Importantly in this study, the surgery that was to be done was pre-specified at the time of randomization. So before a patient or a surgeon knew which arm they were randomized to, they had to agree, what would be the standard approach here? Would it be a lymph node dissection? Would it be a metastasectomy plus a lymph node dissection? What would be the optimal surgery? And that would be carried out, regardless of which arm they got randomized to, importantly, that same surgery would be done regardless of response to neoadjuvant therapy. And that left us asking only one question in S1801. Does the sequence matter?
We didn't alter the surgery, so you didn't get the perhaps benefit of deescalating surgery, nor did you get the bias of deescalating surgery. And everybody took adjuvant PD-1. The same number of doses of pembrolizumab were administered, 18 doses in the adjuvant setting, or 3 in the neoadjuvant, and 15 in the adjuvant, again for a total of 18 doses.
And our primary endpoint was something called event-free survival, which measures from the time of randomization, any of the following four events. Failure to proceed to surgery, say there was a toxicity, or there was already progression in somebody randomized to the adjuvant arm before they even made it to surgery. Which by the way, we think happens in about 15% of our melanoma patients. So progression rendering you unable to have surgery, or toxicity rendering you unable to have surgery events 1, events 2. Event 3 would be a melanoma recurrence at any point after surgery. And then, event 4 would be death from any cause. So those four events define event-free survival.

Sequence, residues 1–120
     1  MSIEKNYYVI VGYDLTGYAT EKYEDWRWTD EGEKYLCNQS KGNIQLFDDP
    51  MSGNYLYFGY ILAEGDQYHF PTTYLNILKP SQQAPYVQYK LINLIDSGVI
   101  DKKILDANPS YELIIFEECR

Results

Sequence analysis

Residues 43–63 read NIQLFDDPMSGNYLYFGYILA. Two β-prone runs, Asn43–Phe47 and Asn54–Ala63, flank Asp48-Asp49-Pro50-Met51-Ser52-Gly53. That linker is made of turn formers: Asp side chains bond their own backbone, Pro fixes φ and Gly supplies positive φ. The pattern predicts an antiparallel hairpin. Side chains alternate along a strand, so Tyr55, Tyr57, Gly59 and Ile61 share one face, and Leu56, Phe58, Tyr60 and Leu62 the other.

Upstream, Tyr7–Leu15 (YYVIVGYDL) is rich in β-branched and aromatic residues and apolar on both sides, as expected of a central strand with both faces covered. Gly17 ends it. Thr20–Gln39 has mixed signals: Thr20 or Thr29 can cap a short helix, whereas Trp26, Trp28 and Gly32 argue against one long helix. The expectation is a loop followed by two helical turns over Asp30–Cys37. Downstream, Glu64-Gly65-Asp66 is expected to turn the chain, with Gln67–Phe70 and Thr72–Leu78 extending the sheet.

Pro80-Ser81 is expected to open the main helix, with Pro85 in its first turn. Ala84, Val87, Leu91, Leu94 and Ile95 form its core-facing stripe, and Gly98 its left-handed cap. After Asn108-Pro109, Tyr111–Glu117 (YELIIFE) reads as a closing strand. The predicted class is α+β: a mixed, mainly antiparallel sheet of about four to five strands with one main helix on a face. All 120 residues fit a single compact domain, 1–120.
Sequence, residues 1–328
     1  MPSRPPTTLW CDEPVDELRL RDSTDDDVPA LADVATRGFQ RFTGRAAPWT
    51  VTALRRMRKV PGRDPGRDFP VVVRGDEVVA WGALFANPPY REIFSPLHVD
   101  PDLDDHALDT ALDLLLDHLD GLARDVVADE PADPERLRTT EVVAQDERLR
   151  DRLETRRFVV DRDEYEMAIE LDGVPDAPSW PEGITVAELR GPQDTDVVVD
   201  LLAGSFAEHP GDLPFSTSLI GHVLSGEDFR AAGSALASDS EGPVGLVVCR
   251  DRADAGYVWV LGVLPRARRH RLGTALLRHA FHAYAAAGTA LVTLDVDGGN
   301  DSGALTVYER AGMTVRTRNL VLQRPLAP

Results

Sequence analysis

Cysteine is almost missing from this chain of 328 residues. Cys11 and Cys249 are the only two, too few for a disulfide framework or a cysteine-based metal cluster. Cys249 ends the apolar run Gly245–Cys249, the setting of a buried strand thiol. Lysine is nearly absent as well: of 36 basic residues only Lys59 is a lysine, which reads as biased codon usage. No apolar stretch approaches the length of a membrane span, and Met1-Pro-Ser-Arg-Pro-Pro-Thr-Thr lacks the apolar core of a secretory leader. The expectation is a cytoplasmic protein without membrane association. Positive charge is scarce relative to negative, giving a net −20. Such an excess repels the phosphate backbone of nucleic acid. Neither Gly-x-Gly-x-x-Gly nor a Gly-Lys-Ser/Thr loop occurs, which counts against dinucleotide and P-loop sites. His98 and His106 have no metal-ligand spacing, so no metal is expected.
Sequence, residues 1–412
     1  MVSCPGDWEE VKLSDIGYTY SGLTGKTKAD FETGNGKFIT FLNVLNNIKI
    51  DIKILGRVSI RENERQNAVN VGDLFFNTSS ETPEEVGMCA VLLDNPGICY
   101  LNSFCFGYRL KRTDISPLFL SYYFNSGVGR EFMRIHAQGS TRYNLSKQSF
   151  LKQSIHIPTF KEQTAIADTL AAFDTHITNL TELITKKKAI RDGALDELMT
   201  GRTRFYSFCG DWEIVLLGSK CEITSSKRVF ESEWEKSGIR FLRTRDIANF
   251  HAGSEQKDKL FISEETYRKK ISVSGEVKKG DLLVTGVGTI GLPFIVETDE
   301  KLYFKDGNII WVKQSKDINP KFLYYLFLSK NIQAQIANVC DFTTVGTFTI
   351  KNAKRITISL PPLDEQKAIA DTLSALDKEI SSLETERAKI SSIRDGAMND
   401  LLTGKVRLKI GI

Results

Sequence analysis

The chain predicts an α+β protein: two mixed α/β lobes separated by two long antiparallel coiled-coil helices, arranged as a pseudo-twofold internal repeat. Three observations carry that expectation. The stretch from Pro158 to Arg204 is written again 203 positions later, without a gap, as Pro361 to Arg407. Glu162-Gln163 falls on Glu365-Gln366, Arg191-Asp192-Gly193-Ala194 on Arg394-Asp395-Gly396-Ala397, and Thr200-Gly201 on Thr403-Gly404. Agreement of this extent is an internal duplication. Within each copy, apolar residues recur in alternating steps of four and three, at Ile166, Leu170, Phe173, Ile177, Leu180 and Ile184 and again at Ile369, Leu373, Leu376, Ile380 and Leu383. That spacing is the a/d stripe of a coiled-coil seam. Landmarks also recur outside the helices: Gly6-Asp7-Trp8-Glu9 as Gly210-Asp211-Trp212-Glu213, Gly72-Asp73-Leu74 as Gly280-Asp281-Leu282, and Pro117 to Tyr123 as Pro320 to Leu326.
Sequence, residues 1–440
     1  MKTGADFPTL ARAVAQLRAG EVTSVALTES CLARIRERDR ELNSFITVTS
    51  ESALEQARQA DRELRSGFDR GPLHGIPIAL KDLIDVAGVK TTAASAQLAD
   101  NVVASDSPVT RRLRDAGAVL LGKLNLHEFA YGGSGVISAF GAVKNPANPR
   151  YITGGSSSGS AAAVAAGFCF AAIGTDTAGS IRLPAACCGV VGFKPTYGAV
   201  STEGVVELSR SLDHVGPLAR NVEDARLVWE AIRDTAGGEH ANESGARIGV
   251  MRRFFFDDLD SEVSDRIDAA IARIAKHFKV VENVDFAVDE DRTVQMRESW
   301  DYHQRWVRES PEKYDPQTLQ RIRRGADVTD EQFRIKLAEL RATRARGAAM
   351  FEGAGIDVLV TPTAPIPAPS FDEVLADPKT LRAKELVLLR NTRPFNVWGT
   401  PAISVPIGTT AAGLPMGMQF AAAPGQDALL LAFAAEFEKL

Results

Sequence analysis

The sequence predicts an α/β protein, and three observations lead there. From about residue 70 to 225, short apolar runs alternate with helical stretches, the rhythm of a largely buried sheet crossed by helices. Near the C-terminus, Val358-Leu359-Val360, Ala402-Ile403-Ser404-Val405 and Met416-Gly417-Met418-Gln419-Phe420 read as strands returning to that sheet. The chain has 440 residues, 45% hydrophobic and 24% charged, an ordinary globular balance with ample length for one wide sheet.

And what we noted at a median follow-up of 14 months was, we hit the number of events needed to trigger the principle analysis. What we see is that the neoadjuvant arm is faring better, in terms of event-free survival, than participants in the adjuvant arm. If you look at the 2-year landmark time point, again, at a median follow up of 14.7 months. So some of this data is immature at 2 years, but an estimated 2-year event-free survival is 72% in the neoadjuvant arm, vs 49% in the adjuvant arm. That's a tremendous hazard ratio. And two-sided P-value benefit of 0.004, hazard ratio of 0.58. And that means there's a 42% improvement in participants receiving neoadjuvant therapy at any time, essentially, from their diagnosis of palpable resectable melanoma.
I feel like I could go on and on about S1801 and tell you all the nuances that we were investigating, but I think we have now answered a very fundamental question. Does sequence matter? And if you move therapy before surgery, are you simply delaying a curative surgery, or are you actually improving their outcomes? I think S1801 says we are improving outcomes. The mechanism behind that has yet to be uncovered. So studying the tumor biopsies, importantly, studying S1801 tissue for pathologic response will be very key, as it seems to emerge as a possible surrogate for radiographic response, or perhaps, it fares just as well as radiographic response, in terms of outcomes.
But now, we want to ask the question about combination neoadjuvant therapies. OpACIN-neo clearly showed there are different ways to sequence combination therapies. And what we know from the metastatic setting is that there are combinations that may be even less toxic than something like a ipilimumab/nivolumab combination.